Elizabeth/Michelle’s feigned relapse has gained her entry to Lisa’s home so that she can build on their connection. Elizabeth’s playing a role yet she is giving Lisa emotional support during a difficult time. We know that she’ll be using that connection at some point to ferret out military secrets but at the moment Elizabeth is on solid ground.

Not so our second male lead in the series, FBI agent Stan Beeman (Noah Emmerich), who thus far this season has been a bag of sad, sad water reciting lines. He’s roped his neighbor, Philip, into attending an EST session headed by a douchebag who’s all about opening up your feelings, man.

Beeman’s murdered an innocent Soviet underling, coldly treated his estranged ex-wife as an obstacle, and manipulated Soviet embassy worker Nina into doing his bidding before letting her be shipped backed to Russia. Opening up that past history sounds more like the recipe for suicide-by-cop than a hug fest.

His idea of dealing with emotions is to go to his estranged wife’s house and confess to the affair she’s already suspected. She may have moved on, but the revelation still hits her hard.

At work, Beeman remains suspicious of Soviet defector Zinaida, perhaps compensating for his morally compromised actions with Nina. Could Milky Way bar-loving Zinaida be a double-agent?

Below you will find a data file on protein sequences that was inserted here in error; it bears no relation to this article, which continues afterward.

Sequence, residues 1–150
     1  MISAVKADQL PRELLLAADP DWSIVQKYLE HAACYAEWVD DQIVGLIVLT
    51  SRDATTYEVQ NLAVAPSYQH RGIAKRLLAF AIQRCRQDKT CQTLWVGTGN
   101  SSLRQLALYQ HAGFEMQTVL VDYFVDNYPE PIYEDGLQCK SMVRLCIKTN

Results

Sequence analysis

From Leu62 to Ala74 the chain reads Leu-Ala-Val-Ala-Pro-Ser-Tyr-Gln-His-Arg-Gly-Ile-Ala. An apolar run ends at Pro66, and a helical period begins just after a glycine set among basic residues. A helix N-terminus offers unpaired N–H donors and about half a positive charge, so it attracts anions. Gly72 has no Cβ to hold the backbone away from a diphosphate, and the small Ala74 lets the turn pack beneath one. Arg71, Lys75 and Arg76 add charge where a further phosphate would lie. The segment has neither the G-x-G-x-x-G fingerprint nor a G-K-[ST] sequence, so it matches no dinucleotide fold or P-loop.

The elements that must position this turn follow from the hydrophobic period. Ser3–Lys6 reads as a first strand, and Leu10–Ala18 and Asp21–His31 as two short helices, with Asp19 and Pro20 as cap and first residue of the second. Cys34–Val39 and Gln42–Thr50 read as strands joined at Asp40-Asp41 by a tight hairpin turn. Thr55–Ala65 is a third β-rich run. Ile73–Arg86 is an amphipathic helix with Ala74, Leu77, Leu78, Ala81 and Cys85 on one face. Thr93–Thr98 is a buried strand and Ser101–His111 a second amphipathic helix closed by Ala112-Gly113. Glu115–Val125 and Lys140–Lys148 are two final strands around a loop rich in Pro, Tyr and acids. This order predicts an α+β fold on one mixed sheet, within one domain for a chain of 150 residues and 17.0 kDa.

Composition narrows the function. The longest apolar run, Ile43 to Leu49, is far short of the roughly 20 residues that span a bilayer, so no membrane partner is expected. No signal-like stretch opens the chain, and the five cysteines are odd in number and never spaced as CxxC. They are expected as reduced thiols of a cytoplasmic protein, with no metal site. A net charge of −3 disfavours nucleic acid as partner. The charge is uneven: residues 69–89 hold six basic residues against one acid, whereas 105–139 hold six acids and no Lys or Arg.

Trying to find evidence in a diner bathroom she used, he strikes out but not before trashing the place. But, what’s that above the ceiling tile he momentarily lifted before crashing to the ground?

It could have been a radio device, but obscured in shadows, maybe just some pipes. Zinaida could be nothing more than a US government asset at this point, but at least she’s an adult, however deluded.

Speaking of the lovely, morose Nina, who’s still in a Moscow prison. Turns out that her Belgian cellmate, Evi, was placed with her for a reason (ed. note: thought it looked suspicious). A KGB minder tells her that Evi was caught at a CIA dead drop, leaving secrets for her boyfriend, who’s on the lam.

Quid pro quo, comes the offer for Nina. If she can get the spy to talk about what happened, reveal some secrets, then Nina will receive a more lenient sentence. Nina’s on board with that, but it means that she has to go from frosty to friendly with Evi. Not an easy transition to make, but she’d do anything by this point to earn her get out of jail card.